Chapter in a book

      Kaplan, A.I. (2003) Entomological societies. Encyclopedia of Insects (eds. V.H. Rush & R.T. Carde),

      pp. 369–373. Academic Press, New York.


      Tables should be self-contained and complement, but not duplicate, information contained in the text. Number tables consecutively in the text in Arabic numerals. Type tables on a separate sheet with the legend above. Legends should be concise but comprehensive – the table, legend and footnotes must be understandable without reference to the text. Vertical lines should not be used to separate columns. Column headings should be brief, with units of measurement in parentheses; all abbreviations must be defined in footnotes. Footnote symbols: , ,§, should be used (in that order) and *, **, *** should be reserved for P-values. Statistical measures such as SD or SEM should be identified in the headings.


      All illustrations (line drawings and photographs) are classified as figures. Figures should be cited in consecutive order in the text. Each figure should be labelled on the back in soft black pencil, indicating name of author(s), figure number and orientation. Do not use adhesive labels as this prohibits electronic scanning. Figures should be sized to fit within the column (80 mm) or the full text width (169 mm). Line figures should be supplied as sharp, black and white graphs or diagrams, drawn professionally or with a computer graphics package. Lettering must be included and should be sized to be no larger than the journal text. Photographs should be supplied as sharp, glossy, black-and-white photographic prints and must be unmounted. Individual photographs forming a composite figure should be of equal contrast, to facilitate printing, and should be accurately squared. Magnifications should be indicated using a scale bar on the illustration. If supplied electronically, graphics must be supplied as high resolution (at least 300 d.p.i.) files, saved as .eps or .tif. A high-resolution print-out must also be provided. Digital images supplied only as low-resolution print-outs and/or files cannot be used.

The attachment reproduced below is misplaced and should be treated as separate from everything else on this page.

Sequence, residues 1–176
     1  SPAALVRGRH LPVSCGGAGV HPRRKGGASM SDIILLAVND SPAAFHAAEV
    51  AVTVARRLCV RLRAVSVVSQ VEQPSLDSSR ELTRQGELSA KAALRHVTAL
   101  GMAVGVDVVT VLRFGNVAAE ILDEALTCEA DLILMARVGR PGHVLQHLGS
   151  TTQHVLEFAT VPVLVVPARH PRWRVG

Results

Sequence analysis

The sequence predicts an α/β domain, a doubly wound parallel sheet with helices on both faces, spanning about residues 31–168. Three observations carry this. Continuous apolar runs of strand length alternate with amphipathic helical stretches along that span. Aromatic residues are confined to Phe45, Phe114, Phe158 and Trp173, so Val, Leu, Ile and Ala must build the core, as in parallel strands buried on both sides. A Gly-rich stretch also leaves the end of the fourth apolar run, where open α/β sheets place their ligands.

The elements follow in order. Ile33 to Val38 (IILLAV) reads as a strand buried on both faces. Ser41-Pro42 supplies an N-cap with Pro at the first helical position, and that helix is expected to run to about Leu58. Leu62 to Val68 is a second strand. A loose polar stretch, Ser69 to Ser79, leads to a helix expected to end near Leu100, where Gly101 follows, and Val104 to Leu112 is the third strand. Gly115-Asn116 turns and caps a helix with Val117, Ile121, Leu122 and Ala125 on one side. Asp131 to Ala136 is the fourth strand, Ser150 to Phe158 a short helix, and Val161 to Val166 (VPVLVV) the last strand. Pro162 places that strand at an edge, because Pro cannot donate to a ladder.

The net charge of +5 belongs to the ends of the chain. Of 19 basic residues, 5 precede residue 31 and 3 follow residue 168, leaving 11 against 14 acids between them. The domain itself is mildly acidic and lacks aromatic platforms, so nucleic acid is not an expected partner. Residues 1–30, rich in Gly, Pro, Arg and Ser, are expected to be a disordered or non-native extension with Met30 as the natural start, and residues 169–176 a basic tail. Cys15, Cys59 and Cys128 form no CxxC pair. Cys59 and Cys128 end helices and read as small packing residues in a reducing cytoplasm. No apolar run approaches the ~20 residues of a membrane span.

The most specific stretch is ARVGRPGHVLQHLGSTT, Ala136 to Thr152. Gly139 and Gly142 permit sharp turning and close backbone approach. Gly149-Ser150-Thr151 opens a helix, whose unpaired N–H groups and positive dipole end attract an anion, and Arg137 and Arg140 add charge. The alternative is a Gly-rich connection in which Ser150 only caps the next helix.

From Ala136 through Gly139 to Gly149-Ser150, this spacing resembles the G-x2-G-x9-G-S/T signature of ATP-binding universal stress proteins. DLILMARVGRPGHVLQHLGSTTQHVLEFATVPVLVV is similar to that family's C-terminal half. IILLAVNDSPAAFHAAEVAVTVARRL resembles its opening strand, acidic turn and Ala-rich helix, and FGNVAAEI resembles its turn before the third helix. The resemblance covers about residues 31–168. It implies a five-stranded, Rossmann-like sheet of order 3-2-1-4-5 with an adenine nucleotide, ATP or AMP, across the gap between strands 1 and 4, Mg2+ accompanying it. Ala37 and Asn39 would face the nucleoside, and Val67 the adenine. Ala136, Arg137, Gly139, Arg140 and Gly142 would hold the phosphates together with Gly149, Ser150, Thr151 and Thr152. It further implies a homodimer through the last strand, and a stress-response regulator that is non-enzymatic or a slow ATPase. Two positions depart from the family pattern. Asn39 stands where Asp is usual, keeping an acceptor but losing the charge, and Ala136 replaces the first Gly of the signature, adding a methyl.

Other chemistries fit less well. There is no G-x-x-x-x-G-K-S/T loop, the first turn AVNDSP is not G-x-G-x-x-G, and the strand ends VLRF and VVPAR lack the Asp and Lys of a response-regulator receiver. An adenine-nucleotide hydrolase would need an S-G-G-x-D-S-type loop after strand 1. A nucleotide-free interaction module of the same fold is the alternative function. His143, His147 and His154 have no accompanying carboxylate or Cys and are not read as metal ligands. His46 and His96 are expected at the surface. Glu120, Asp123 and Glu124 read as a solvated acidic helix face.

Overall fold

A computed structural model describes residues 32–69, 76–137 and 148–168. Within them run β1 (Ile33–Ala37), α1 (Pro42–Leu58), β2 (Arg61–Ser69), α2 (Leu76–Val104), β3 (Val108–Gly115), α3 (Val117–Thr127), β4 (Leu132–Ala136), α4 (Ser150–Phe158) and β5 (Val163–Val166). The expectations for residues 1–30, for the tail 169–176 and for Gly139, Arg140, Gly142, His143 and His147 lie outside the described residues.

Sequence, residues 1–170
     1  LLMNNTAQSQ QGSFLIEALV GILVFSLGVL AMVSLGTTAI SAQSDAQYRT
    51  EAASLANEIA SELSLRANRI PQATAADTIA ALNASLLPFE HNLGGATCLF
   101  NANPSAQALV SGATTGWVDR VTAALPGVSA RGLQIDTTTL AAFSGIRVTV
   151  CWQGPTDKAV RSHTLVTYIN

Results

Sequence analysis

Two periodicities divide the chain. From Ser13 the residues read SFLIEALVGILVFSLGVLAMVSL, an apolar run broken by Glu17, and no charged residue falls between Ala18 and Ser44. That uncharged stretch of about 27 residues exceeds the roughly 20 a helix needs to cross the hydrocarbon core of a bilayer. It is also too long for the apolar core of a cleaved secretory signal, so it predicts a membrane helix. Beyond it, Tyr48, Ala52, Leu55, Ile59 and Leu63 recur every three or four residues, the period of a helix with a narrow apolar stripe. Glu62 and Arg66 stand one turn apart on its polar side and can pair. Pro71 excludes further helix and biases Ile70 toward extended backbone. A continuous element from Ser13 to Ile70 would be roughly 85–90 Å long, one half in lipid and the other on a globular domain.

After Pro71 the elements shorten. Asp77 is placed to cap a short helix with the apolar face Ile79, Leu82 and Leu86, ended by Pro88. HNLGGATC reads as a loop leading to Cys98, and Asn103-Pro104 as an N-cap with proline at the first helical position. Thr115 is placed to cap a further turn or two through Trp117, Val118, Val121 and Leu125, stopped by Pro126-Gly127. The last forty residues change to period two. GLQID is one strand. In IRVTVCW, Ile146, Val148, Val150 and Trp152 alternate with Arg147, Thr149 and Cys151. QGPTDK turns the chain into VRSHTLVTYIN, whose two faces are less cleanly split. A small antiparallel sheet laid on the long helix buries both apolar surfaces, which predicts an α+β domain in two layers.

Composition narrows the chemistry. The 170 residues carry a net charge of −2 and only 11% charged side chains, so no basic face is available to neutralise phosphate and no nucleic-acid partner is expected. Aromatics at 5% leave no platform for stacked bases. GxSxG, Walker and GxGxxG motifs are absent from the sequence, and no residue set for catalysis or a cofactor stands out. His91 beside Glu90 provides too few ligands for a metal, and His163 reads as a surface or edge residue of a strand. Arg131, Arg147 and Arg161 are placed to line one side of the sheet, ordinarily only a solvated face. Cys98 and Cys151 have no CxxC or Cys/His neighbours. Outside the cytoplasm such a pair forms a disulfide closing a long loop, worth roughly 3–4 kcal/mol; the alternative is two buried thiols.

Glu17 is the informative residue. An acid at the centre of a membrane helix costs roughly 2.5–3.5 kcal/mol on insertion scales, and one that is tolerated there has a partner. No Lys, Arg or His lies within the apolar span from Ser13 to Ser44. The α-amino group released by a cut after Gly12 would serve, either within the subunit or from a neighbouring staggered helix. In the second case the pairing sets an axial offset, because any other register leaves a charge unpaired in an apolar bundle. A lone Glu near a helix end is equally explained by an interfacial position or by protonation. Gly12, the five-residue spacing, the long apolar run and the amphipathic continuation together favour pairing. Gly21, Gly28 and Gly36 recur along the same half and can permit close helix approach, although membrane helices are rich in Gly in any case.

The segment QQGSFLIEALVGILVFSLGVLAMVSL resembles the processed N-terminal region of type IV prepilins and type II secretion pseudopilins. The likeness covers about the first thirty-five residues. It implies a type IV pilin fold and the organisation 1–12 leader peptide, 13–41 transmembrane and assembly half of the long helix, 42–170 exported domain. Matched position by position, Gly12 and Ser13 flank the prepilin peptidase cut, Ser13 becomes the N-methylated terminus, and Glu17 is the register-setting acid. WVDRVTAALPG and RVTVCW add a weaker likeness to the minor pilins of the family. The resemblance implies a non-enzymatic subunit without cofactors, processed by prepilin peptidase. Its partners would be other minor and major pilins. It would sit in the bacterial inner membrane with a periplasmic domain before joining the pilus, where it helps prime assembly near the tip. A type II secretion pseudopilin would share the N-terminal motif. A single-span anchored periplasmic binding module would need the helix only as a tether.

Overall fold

It is the policy of Insect Science for authors to pay the full cost for the reproduction of their colour artwork. Please complete and return the Colour Work Agreement Form to the Editor before publication.

      Figure legends.

      Legends should be concise but comprehensive – the figure and its legend must be understandable without reference to the text. Include definitions of any symbols used and define/explain all abbreviations and units of measurement.



      Plagiarism Detection

      Insect Science employs a plagiarism detection system. By submitting your manuscript to this journal you accept that your manuscript may be screened for plagiarism against previously published works.


      All articles submitted to the Journal must comply with these instructions. Failure to do so will result in return of the manuscript and possible delay in publication.

      The text should be prepared by Microsoft Word with double space.

      Add line numbers in the Word file before uploading the manuscript.

      Do not use the carriage return (Enter) at the end of lines within a paragraph.

      Turn the hyphenation option off; include only those hyphens that are essential to the meaning.

      Specify any special characters used to represent non-keyboard characters.